Decades ago, the Vespa scooter changed the way people drive around cities. Now Piaggio Fast Forward--a division of the Piaggio Group, which developed the Vespa--is trying change the way they walk. Once users don a special belt, the Gita can follow them around, carrying as much as 40 lb. of cargo and using stereoscopic and fish-eye cameras to avoid obstacles. In the future, once Gitas have mapped a route, they may even be able to navigate on their own to, say, deliver goods. "We're inventing a new form of mobility," says PFF CEO Jeffrey Schnapp of the Gita, which is slated for commercial release in 2018.
I always get excited when I board a Southwest 737-800 plane. It is one of its newer planes, has mood lighting and the leg space and over head bin space is much better than that on the –700 which makes up the bulk of their equipment. The 800 manages to do so even though it has a capacity of 175 passengers compared to 143 on the 700. One irritating reason is Southwest quietly snuck in another row on the 700s a few years ago to the chagrin of 6 footers like me.
So, the 800 smells new and has more passenger amenities. What’s not to like? Ask the crew. To service more passengers on a stretched plane, the 800 has 4 crew members instead of 3. 3 worked in the back galley, I in the front. And Southwest introduced drink carts to allow them to service the extra load. Led to lots of crew complaints.
So, I was pleased to fly the latest configuration of the 800 yesterday (for a video of a walkthrough of the cabin, see this from Cranky Flier). The plane now has 2 galley stations in the front and two in the back, and has eliminated the carts. The back galley has two coffee makers and other changes which allow each of the 4 flight attendants to have their own work space and section of the plane to service.
Back to more passenger amenities. The plane has more space in the front galley for emergency equipment so has freed up even more bin space. The seats, part of the new what they call Heart interior, now have adjustable headrests. There are two seat back pockets now – one on top for magazines and such , one for small personal stuff. The tracks under the seats allowed for more stowage space ( at least on the aisle I was on) . The seat cushion now does not sit on a stiff metal frame but on a springy hammock so felt better. Aesthetically, I love the blue and white seats – much more professional looking.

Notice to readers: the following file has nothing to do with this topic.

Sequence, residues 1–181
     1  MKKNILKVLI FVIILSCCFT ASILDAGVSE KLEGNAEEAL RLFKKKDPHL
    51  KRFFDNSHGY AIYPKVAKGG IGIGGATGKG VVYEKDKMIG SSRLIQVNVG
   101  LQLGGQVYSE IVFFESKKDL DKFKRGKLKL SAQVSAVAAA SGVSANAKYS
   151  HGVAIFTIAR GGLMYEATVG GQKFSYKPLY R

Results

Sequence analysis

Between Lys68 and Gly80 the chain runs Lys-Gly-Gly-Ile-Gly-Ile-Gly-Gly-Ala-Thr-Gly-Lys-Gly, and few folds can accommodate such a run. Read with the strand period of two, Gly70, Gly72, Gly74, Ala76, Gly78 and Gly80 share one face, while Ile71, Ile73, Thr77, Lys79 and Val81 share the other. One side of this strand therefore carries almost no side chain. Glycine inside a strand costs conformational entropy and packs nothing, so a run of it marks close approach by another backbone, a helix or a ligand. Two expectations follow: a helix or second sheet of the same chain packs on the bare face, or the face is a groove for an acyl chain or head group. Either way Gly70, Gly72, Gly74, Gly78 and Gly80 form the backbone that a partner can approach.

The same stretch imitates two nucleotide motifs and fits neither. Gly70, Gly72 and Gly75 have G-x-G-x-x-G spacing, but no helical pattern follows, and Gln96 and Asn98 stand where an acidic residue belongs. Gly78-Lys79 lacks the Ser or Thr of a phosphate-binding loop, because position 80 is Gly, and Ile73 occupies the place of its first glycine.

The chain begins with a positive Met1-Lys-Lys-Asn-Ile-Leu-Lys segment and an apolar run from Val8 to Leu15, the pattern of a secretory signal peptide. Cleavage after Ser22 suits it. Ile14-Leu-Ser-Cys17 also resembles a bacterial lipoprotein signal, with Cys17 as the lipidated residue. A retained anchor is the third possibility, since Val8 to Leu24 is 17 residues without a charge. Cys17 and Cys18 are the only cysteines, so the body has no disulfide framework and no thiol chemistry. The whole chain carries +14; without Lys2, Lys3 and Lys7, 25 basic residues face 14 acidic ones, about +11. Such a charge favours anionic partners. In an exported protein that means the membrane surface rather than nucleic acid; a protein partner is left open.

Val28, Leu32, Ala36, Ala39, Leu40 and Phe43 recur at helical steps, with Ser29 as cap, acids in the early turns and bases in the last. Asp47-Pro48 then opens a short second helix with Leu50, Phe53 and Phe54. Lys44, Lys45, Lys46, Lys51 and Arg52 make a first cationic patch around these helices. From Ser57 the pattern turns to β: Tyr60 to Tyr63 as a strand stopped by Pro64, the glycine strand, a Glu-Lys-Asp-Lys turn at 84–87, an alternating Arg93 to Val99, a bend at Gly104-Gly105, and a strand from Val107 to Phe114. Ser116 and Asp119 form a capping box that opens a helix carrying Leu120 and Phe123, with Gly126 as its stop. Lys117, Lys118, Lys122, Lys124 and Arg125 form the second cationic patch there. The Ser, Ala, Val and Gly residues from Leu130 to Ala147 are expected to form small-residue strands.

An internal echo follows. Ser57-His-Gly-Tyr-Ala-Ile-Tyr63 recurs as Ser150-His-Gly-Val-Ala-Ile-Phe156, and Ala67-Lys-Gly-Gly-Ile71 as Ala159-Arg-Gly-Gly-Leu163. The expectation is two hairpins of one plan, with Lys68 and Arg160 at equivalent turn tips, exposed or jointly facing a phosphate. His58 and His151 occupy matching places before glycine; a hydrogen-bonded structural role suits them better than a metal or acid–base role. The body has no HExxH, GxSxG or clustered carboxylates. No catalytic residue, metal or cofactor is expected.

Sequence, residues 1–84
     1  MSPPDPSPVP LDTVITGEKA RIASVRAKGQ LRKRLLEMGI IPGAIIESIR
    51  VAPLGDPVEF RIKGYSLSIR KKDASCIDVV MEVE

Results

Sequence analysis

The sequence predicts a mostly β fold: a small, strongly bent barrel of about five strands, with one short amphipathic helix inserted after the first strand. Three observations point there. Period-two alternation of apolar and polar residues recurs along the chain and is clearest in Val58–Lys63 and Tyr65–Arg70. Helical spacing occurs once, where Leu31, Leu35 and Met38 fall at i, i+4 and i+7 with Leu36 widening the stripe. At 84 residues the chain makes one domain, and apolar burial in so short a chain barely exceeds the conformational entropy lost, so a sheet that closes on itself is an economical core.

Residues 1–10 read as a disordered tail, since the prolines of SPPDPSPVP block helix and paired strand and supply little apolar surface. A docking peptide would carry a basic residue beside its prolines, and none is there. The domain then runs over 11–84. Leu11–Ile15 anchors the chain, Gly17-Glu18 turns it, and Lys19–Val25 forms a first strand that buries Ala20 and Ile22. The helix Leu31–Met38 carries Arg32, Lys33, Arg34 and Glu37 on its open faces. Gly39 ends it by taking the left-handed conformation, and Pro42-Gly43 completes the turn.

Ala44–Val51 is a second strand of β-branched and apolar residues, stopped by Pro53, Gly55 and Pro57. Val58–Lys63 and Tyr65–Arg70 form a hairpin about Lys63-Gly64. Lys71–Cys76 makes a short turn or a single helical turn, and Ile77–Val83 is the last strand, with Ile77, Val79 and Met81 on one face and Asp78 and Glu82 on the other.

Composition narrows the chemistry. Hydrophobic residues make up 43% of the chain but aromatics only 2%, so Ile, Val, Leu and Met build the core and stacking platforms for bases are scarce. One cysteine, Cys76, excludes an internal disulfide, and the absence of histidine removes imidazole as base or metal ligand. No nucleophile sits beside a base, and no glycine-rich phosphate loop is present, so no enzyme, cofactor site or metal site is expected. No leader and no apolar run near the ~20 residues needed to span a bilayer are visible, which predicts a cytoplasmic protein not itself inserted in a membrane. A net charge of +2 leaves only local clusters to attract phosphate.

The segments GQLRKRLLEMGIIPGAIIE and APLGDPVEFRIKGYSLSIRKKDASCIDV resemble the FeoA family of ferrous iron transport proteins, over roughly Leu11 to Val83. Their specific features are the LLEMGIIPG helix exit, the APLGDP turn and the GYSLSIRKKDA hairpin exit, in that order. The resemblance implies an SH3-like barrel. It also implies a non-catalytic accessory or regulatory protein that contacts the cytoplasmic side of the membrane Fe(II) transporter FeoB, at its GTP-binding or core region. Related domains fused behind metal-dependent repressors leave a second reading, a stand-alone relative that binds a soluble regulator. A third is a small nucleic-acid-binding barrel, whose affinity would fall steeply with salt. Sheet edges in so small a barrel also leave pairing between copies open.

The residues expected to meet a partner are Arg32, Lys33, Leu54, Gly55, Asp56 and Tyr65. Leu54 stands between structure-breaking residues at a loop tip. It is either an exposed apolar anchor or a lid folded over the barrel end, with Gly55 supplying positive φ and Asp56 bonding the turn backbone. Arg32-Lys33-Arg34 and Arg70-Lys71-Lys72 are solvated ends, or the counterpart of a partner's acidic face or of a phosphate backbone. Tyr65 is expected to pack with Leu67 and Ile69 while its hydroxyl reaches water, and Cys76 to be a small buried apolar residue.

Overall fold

Two nits – the armrests and the 3 restrooms are tiny. But balance that against fact that families actually don’t mind the former and love the fact that each restroom now has a changing table.
Overall, crew and passengers should both be happier. In my small sample from yesterday I would certainly say so. But the plane had people going to cruises and the beach in Tampa and onwards to San Juan. If they were headed to a ice bound city, may be the mood would have been less pleasant?
On our recent trip around the world, between us we flew 9 airlines. The no-frills Tiger flight from Singapore to Hong Kong was a reminder of how aviation used to be just a short while ago – no entertainment, no navigation, no web access. The other flights, in contrast, showed the remarkable range of consumer technology in the air these days.
The Delta Navigation UX
The Air France interactive Navigation UX
Singapore Air Navigation UX
Cameras on Emirates which show views from cockpit and the belly of the plane
Wide range of entertainment on Emirates, including the entire Star Wars movie set
We flew on wide bodies on most segments and most had power outlets and USB ports. Here is one on a Singapore 777
Internet availability is still spotty and expensive, but with GoGo, Delta has coverage over much of the world's water.
Rooftop tents are great, unless you're also traveling with bikes, skis, or boats. The two-person, rack-friendly Tepui White Lightning lets you bring them all. The hardtop's mounts attach to most popular racks to carry up to 60 additional pounds on top of the tent. Even when it's fully loaded, the fiberglass-platform tent pops open with enough room to sleep two. Climb up the included telescoping ladder, and through an oversize mesh door you'll find a 2.5-inch-thick foam mattress that guarantees a good night's sleep wherever you park.
‘The notion of building a flexibility engine, which is essentially the software that runs this thing, is applicable in a broad range of industries. Any industry where the complexity of the purchase relates to the customer's flexibility ultimately will use these kinds of flexibility engines. I believe we're really the first of an entirely new category of software here. I'll give you an example. In health care, if you say to me, "If you'll be flexible and drive an extra five minutes to get this X-ray, your health care provider will give you $50 in incentives to do it." Of course you're willing to make tradeoffs and be flexible as long as you have confidence in the product quality you're buying. The same is true with us. As long as we put you on a major airline and you get to see the airline in advance before you buy the package, your flexibility is something you're willing to modify. Show me what my flexibility is worth. It's true in health care, it's going be true in business travel. I suspect it's gonna be true in a fair number of places where people have flexibility. Nobody has ever been able to show them what it's worth. I'm willing to trade off comfort and convenience often for other benefits I want more. Right now those things are all invisible in the data set. But what big data software allows you to do is make invisible things visible.”